Flash radiography of large hydrodynamic experiments driven by high explosives is a venerable diagnostic technique in use at many laboratories. The size of the radiographic source spot is often quoted as an indication of the resolving power of a particular flash-radiography machine. A variety of techniques for measuring spot size have evolved at the different laboratories, as well as different definitions of spot size. Some definitions are highly dependent on the source spot intensity distributions, and not necessarily well correlated with resolution. The concept of limiting resolution based on bar target measurements is introduced, and shown to be equivalent to the spatial wavenumber at a modulation transfer function value of 5%. This resolution is shown to be better correlated with the full width at half-maximum of the spot intensity distribution than it is with other definitions of spot size.
© 2011 Optical Society of America
Flash radiography of large hydrodynamic experiments driven by high explosives is a venerable diagnostic technique in use at many laboratories. Typically multi-million-electron-volt radiation pulses with tens of nanseconds pulse widths are used to radiograph metals driven by high explosives in order to obtain a stopped-motion image . Most often the source of radiation is bremsstrahlung from electrons striking a heavy- metal target, and there has been a substantial investment in high-power electron accelerators for this purpose . This is point-projection radiography, in which the object is back lit with a small source of penetrating radiation. A highly valued aspect of this diagnostic is the ability to resolve fine detail in the object. Since resolution depends on the size of the radiographic source spot, “spot size” is often quoted as an indication of the resolving power of a particular flash- radiography machine. Over the years, a variety of techniques for measuring spot size has evolved at the different laboratories, with a multiplicity of “spot size” definitions [3, 4]. These definitions all depend on the distribution of radiation over the spot, which can be vastly different for different machines. Moreover, inference of resolving power from some spot-size definitions can be misleading when applied to different intensity distributions. In this article, I review the most common of the techniques and definitions in use, with the intent of identifying the best predictor of resolution, independent of the shape of the intensity distribution.
The approach is to analyze examples of source spot intensity distributions that have been used to characterize experimental measurements on various flash radiograph machines. The most commonly quoted spot-size metrics are calculated and compared, and also compared with the commonly accepted measure of resolving power: the limiting resolution (LR). Then some general conclusions are drawn about each metric.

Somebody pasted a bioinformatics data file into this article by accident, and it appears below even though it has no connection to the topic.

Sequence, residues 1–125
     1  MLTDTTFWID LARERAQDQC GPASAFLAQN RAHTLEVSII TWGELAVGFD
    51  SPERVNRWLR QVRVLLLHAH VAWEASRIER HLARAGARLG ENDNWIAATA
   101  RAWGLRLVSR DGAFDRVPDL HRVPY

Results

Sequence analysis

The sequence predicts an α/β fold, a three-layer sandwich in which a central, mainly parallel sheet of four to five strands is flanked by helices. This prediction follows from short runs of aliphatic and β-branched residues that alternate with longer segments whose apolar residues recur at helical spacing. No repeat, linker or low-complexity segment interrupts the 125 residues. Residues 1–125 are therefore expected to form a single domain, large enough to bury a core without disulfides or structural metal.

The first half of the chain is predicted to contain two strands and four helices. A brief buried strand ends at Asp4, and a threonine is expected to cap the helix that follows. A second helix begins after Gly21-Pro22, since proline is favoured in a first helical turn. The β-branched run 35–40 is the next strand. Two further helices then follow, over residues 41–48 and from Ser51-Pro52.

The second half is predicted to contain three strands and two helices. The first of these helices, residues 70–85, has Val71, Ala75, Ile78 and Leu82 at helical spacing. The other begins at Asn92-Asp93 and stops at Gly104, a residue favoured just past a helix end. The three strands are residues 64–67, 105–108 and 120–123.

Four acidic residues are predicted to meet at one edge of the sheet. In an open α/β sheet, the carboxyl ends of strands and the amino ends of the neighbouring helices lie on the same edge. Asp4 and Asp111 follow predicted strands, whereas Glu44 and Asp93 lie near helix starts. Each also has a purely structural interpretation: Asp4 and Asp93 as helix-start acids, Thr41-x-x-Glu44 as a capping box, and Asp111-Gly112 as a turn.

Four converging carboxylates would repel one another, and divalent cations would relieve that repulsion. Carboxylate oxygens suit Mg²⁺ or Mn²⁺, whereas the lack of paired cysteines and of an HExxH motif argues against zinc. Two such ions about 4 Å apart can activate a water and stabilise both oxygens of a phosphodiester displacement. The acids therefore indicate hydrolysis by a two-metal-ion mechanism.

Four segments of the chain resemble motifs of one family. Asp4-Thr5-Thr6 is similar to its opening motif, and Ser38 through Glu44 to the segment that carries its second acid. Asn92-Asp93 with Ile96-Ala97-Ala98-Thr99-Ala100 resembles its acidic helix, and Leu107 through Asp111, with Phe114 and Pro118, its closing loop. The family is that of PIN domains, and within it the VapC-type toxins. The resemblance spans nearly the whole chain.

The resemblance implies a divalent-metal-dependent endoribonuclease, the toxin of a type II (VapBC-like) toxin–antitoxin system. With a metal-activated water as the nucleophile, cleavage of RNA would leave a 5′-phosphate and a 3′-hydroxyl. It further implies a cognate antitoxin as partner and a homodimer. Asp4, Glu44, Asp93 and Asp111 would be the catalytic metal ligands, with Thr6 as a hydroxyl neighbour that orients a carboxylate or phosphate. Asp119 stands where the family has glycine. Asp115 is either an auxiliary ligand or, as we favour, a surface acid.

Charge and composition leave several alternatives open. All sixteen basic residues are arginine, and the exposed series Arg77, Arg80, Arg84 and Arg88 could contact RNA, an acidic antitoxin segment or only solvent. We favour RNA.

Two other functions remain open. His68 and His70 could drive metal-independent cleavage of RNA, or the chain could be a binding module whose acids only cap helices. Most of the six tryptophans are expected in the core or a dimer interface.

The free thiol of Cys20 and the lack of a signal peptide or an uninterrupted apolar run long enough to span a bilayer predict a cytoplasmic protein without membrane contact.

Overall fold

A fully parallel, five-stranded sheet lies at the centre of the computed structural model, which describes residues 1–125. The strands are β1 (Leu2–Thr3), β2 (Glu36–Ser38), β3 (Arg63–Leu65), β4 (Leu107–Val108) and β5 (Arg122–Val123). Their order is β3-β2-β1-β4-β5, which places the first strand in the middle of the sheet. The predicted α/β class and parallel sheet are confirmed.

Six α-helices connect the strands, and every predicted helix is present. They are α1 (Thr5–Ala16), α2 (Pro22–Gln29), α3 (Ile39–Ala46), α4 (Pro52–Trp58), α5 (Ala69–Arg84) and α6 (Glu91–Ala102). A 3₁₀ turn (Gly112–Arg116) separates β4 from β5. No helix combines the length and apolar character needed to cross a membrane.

Only the main results and conclusions are presented in the body of this article. The detailed definitions and calculations are relegated to the appendices. Appendix A reviews fundamental definitions of the concepts used in spot-size measurements. Typical experimental methods for spot- size and resolution measurements are briefly described in Appendix B. Appendix C reviews the definitions of the most commonly used spot-size metrics. Although there may be others, the only metrics that we consider here are the full width at half-maximum (FWHM), the Los Alamos National Laboratory (LANL) definition of spot size (), the Atomic Weapons Establishment (AWE) definition of spot size (), and the LR. Finally, Appendix D details the calculation of the spot-size metrics for spot distributions used as analytic examples.
The normalized spot intensity distribution (profile or shape) is known as the point-spread function (PSF). The analytic tool that enables a quantification of resolving power is the modulation transfer function (MTF), which is the two-dimensional Fourier transform of the PSF .
The radiographic source spot can be considered to be a spatial frequency filter applied to the image of the object, and the MTF of the spot is analogous to the response function of a frequency filter in a temporal data recording system. The blurring of the radiograph image resulting from the source spot is analogous to the suppression of high frequencies in temporal data by the cables and other bandwidth-limiting components of the data acquisition system.
The MTF is a powerful tool that can greatly simplify radiographic system analysis, because the image obtained is a convolution of the blurring of each system component, so the system MTF is simply the product of the MTFs of each component. For example, to find the MTF of a spot imaged with a pinhole camera, one need not deconvolve pinhole camera data, so long as the MTF of the pinhole is known. Moreover, analysis of penumbral imaging (roll-bar) data can be simplified using the MTF. These, and other properties of the MTF, are reviewed in Appendix A.
2A. Resolving Power and Limiting Resolution
A convenient object for determining the resolving power of a radiography system is a set of dense (opaque) bars with different spacing. The PSF of such an opaque grating is a square wave with unnormalized maximum of unity (full transmission) and minimum of zero (no transmission). This is equivalent to the Air Force bar target used to quantify the resolving power of military optical systems . The resolving power of an imaging system is usually based on human vision, and is given by the highest spatial frequency of bars that can be resolved by eye. The human eye cannot resolve images with less than contrast, and this value is often referred to as the “limiting resolution.” So, the LR of a radiographic source spot is the spatial frequency at which the contrast of the image of an opaque grating is 5%, with contrast given by